Growers are welcoming new economic support, saying government is planting the first seed in nurturing agriculture back to health so it can again support local people and eventually export to the world.
This evening, Prime Minister Henry Puna announced a Ministry of Agriculture support package, starting today, to provide free seedlings, organic pesticides and tractor-work for small growers and home gardeners.
He said this would help sustain the sector in both Rarotonga and the Pa Enua, and address the country’s food security needs over the next three to six months. “I know that some of you have already taken up the initiative on your own to start planting and we all commend you for the effort. Government will help wherever it can,” he said.
Ministry staff will monitor the plantings and provide advice.“Over the next three to six months, we want to keep up the supply to the local market, providing the necessary tools such as fertilisers, seedlings, and the tractors,” Puna said.
Te Tango Enua growers’ association president Danny Mataroa said it was critical Cook Islands provided food security for its people in the Covid-19 pandemic.
“First we need to feed the people, to put food on their tables, food in their cupboards,” he said. “After that, we can think about feeding the world.”
Between now and the end of June, the Ministry will pay for tractor use to cultivate suitable plots of land, up to half an acre.
The free trays of seedlings include dwarf and snake beans, Chinese cabbage, cucumber, choy sum, eggplant and sweet corn. Other seedlings may be available at an additional price.
The Ministry plans to work in partnership with the Business, Trade, and Investment Board, and growers’ organisation Te Tango Enua.
Te Tango Enua has 237 members on Rarotonga and the Pa Enua. Mataroa said they had not been consulted on the package, but it was a good start. Many growers would also be entitled to claim the wage subsidy, he said.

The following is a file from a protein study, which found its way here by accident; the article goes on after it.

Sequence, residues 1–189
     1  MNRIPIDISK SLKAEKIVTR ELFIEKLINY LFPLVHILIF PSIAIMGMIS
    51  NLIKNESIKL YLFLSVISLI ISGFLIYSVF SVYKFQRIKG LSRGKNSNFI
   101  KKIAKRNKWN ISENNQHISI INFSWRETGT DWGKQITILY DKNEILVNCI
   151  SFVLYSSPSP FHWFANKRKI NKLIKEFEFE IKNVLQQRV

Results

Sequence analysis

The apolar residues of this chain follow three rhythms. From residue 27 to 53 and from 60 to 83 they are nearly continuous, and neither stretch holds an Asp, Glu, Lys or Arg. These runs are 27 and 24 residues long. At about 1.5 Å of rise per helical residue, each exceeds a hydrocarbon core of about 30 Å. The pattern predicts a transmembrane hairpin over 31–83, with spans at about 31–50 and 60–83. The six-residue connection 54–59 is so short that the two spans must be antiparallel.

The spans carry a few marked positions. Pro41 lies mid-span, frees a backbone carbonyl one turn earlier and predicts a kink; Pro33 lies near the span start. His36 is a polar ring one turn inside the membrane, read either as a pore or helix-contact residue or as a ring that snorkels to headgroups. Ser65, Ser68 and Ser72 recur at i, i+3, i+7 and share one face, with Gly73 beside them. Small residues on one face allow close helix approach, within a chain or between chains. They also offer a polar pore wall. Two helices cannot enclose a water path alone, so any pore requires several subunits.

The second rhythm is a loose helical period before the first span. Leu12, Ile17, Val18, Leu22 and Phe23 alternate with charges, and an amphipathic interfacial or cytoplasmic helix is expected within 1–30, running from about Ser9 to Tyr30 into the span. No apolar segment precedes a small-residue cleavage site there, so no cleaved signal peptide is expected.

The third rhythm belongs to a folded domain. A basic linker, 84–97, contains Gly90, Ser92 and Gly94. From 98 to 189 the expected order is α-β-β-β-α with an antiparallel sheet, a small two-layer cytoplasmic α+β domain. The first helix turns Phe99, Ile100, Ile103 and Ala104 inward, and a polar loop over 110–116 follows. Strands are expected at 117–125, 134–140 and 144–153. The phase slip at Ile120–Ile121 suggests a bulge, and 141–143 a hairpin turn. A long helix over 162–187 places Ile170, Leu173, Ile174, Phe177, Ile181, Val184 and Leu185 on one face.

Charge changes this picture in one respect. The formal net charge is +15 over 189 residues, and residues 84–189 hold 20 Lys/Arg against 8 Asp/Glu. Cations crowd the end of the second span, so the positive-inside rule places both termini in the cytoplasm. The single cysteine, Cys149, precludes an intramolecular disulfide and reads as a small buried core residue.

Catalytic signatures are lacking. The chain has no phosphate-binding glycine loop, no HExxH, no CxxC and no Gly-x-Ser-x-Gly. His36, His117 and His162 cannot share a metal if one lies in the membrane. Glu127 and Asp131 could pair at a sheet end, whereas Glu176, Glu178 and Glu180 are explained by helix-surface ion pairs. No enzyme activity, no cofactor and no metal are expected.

Mataroa is well-known for his leadership of Cook Islands National Arts Theatre, and leading performances at The Edgewater and Highland Paradise. But last night, he said that had all stopped; his only income and sustenance now was his plantations.
He said to properly slash, disc and plough a half-acre took 10 hours at a cost of $600 for a tractor– more than the three hours the government was providing. But it was a start.
He said the country needed to broaden its crops beyond tomato and bok choy and those vegetables popular with tourists. Growers needed to again plant and harvest maniota, kumara, taro, tarua and rau ti roots.
In particular, he said the country could lessen its reliance on importing four 40-foot container-loads of wheat flour every month, but producing gluten-free flour from kuru (breadfruit) on all the islands.
An Asian Development Bank report last week warned that importing food, tobacco, alcohol and construction material would cause rising inflation and cost of living in Cook Islands, over the next two years.